Rain Barrels
 — You can collect rainwater from rooftops in mosquito-proof containers. The water can be used later on lawn or garden areas. Even if you do not have a gutter system on your home, rain barrels can be strategically placed to function effectively.
  • If you are interested in attending a Rain Barrel Make and Take Workshop, please contact Lubbock Memorial Arboretum located at 4111 University Avenue, phone 806-797-4520, or website at
Rain Gardens and Grassy Swales — Specially designed areas planted with native plants can provide natural places for rainwater to collect and soak into the ground. Rain from rooftop areas or paved areas can be diverted into these areas rather than into storm drains.
  • Turn your right of way into a rain garden! Always call 811 before beginning any digging project. Dig the right of way area out to just below the curb. Plant draught tolerant species like Lavender Cotton (Santolina), Desert Willow, Rosemary Officinalis, Caryopteris and Texas Sage. Then fill in with mulch to retain the moisture. You will have to water the plants until they are established. But then, they will grow and prosper with what ever the Lubbock sky provides!
Vegetated Filter Strips — Filter strips are areas of native grass or plants created along roadways or streams. They trap the pollutants stormwater picks up as it flows across driveways and streets.


Dirt, oil, and debris that collect in parking lots and paved areas can be washed into the storm sewer system and eventually enter local canyon and playa lakes.
  • Sweep up litter and debris from sidewalks, driveways and parking lots, especially around storm drains. Instead of using precious water to wash off parking lots, use an old fashioned broom. Save money on your water bill, reduce runoff, and conserve water all with one fell sweep!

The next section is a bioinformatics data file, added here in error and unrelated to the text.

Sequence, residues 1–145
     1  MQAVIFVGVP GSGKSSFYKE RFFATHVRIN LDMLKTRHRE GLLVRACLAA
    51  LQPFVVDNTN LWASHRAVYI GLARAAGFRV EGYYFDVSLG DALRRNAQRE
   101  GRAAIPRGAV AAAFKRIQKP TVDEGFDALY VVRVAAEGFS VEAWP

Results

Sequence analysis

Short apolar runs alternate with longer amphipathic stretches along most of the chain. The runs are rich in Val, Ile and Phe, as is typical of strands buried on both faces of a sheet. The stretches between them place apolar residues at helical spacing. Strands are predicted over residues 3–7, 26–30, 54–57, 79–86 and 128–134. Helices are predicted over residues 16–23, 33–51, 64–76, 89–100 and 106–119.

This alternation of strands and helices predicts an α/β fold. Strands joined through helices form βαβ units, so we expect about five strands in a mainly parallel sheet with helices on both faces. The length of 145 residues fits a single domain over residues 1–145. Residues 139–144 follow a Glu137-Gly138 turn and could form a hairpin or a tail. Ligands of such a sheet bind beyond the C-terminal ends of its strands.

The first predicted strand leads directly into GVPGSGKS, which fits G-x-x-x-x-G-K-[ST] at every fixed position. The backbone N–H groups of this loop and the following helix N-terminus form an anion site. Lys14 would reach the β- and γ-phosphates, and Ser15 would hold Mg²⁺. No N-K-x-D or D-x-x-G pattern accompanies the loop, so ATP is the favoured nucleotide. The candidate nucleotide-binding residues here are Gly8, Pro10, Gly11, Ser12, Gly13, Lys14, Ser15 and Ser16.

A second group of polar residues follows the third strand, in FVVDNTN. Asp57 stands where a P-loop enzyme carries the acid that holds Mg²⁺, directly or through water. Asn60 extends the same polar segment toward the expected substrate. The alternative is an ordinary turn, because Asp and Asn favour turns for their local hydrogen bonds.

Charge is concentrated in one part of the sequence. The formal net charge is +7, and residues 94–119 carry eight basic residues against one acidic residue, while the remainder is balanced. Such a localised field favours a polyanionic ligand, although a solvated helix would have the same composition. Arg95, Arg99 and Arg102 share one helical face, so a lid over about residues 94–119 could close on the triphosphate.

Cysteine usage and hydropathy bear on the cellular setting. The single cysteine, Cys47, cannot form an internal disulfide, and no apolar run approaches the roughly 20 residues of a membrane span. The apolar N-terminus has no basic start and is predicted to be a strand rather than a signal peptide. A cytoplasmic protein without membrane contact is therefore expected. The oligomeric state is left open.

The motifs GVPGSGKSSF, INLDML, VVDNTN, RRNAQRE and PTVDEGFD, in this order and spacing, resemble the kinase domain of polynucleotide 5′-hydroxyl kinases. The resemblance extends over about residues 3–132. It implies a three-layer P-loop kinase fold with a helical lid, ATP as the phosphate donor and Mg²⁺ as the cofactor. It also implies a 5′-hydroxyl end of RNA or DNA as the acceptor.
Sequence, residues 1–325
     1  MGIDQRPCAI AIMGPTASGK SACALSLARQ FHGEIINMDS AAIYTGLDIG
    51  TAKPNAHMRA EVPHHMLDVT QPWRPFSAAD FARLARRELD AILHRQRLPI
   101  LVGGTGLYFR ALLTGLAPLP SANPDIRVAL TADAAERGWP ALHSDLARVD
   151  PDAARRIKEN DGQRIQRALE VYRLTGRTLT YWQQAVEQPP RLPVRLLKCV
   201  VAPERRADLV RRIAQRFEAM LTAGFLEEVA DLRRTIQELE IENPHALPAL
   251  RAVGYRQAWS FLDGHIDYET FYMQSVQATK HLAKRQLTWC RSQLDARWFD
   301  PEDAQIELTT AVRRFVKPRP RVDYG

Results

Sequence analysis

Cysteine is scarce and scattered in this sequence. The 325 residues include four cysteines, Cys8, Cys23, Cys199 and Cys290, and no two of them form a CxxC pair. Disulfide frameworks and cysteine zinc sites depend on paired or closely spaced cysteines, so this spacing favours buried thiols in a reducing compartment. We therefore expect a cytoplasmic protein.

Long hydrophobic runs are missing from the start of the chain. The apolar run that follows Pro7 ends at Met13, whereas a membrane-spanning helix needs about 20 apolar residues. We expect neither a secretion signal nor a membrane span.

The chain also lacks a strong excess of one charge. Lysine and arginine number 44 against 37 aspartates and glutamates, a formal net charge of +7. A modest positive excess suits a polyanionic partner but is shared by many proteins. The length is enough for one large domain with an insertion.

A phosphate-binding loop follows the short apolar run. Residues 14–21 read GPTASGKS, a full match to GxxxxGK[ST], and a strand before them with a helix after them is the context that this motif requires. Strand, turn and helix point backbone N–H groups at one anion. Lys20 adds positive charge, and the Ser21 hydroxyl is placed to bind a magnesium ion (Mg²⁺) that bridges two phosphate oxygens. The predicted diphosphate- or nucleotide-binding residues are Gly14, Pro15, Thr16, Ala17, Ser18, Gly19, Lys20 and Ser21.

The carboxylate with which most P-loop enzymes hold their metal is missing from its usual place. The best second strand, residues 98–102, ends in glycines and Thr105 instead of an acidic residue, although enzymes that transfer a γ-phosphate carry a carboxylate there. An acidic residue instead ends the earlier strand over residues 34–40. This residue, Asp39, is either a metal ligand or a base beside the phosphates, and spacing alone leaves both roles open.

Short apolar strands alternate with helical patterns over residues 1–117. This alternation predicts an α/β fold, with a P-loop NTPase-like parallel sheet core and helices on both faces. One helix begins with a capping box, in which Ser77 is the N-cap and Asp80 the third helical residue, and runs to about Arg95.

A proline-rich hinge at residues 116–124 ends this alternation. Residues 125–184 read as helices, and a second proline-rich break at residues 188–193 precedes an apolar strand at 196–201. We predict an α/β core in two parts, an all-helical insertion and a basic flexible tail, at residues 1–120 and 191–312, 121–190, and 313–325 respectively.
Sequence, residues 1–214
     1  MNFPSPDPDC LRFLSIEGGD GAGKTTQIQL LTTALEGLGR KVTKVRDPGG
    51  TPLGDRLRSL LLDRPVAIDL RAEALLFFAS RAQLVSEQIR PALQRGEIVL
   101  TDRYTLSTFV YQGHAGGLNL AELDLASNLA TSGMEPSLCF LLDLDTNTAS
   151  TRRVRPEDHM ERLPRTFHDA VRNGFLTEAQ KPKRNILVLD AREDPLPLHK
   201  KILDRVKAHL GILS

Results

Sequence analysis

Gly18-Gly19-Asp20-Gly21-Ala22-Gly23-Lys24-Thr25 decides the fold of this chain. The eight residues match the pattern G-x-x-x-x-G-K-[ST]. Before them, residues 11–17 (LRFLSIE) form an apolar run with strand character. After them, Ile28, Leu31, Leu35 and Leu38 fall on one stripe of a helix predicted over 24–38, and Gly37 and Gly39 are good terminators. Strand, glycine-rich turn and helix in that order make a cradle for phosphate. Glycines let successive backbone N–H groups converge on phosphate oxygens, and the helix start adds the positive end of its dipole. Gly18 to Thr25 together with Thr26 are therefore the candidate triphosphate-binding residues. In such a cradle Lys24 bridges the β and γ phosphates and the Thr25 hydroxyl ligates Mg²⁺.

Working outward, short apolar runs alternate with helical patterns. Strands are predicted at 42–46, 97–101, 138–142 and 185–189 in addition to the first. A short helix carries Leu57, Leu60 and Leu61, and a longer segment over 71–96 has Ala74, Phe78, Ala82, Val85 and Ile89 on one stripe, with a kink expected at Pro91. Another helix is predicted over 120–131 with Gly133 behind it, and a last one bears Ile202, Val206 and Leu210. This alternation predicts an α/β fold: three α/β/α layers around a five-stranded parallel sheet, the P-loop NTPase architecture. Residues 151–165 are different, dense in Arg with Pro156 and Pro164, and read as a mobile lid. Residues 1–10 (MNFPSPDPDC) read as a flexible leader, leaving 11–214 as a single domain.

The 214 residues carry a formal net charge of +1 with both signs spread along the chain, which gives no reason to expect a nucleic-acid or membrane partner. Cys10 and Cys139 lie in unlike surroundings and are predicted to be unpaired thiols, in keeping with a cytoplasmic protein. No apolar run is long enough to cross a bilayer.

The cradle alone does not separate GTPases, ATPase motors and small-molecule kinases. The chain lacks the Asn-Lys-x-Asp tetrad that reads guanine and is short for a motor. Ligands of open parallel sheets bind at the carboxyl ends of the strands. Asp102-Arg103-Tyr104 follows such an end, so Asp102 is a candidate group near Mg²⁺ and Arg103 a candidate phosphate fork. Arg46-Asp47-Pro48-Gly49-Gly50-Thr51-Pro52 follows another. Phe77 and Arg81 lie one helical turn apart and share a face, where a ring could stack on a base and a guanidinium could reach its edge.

• Cover grease storage and dumpsters and keep them clean to avoid leaks.
  • Report any chemical spill to the local hazardous waste cleanup team. They'll know the best way to keep spills from harming the environment.

CONSTRUCTIONProperly installed silt fence at construction site

Erosion controls that aren't maintained can cause excessive amounts of sediment and debris to be carried into the stormwater system. Construction vehicles can leak fuel, oil, and other harmful fluids that can be picked up by stormwater and deposited into local canyon and playa lakes. 
  • Divert stormwater away from disturbed or exposed areas of the construction site.
  • Install silt fences, vehicle mud removal areas, vegetative cover, and other sediment and erosion controls and properly maintain them, especially after rainstorms.
  • Prevent soil erosion by minimizing disturbed areas during construction projects, and seed and mulch bare areas as soon as possible.
  • During windy days, use of a water truck or mulching is imperative to reduce wind erosion and airborne sediment.


Lack of vegetation on the banks of playa lakes can lead to erosion. Overgrazed pastures can also contribute excessive amounts of sediment to local water bodies. Excess fertilizers and pesticides can poison aquatic animals and lead to destructive algae blooms. Livestock in streams can contaminate waterways with bacteria, making them unsafe for human contact. 
  • Keep livestock away from the banks of playa lakes and provide a water source away from water bodies.
  • Store and apply manure away from water bodies and in accordance with a nutrient management plan.
  • Vegetate riparian areas along waterways.
  • Rotate animal grazing to prevent soil erosion in fields.
  • Apply fertilizers and pesticides according to label instructions to save money and minimize pollution.


Uncovered fueling stations allow spills to be washed into storm drains. Cars waiting to be repaired can leak fuel, oil, and other harmful fluids that can be picked up by stormwater. 
  • Clean up spills immediately and properly dispose of cleanup materials.
  • Sweep up litter and debris from sidewalks, driveways and parking lots, especially around storm drains. Instead of using precious water to wash off parking lots, use an old fashioned broom. Save money on your water bill, reduce runoff, and conserve water all with one fell sweep!
  • Provide cover over fueling stations and design or retrofit facilities for spill containment.
  • Properly maintain fleet vehicles to prevent oil, gas, and other discharges from being washed into local water bodies.
  • Install and maintain oil/water separators.
Man using loose absorbent to clean up a fuel spill on concrete